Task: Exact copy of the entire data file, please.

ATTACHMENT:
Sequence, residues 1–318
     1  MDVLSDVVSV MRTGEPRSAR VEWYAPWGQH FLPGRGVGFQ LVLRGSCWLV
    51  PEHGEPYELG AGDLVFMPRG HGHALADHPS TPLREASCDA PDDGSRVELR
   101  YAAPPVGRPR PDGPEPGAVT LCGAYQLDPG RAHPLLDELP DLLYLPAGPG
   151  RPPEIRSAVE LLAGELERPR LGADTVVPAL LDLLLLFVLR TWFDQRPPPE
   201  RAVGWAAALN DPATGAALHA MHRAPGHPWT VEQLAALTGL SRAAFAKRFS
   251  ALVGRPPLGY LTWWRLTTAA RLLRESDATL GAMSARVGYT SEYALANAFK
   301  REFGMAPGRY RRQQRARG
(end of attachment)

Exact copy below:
Sequence, residues 1–318
     1  MDVLSDVVSV MRTGEPRSAR VEWYAPWGQH FLPGRGVGFQ LVLRGSCWLV
    51  PEHGEPYELG AGDLVFMPRG HGHALADHPS TPLREASCDA PDDGSRVELR
   101  YAAPPVGRPR PDGPEPGAVT LCGAYQLDPG RAHPLLDELP DLLYLPAGPG
   151  RPPEIRSAVE LLAGELERPR LGADTVVPAL LDLLLLFVLR TWFDQRPPPE
   201  RAVGWAAALN DPATGAALHA MHRAPGHPWT VEQLAALTGL SRAAFAKRFS
   251  ALVGRPPLGY LTWWRLTTAA RLLRESDATL GAMSARVGYT SEYALANAFK
   301  REFGMAPGRY RRQQRARG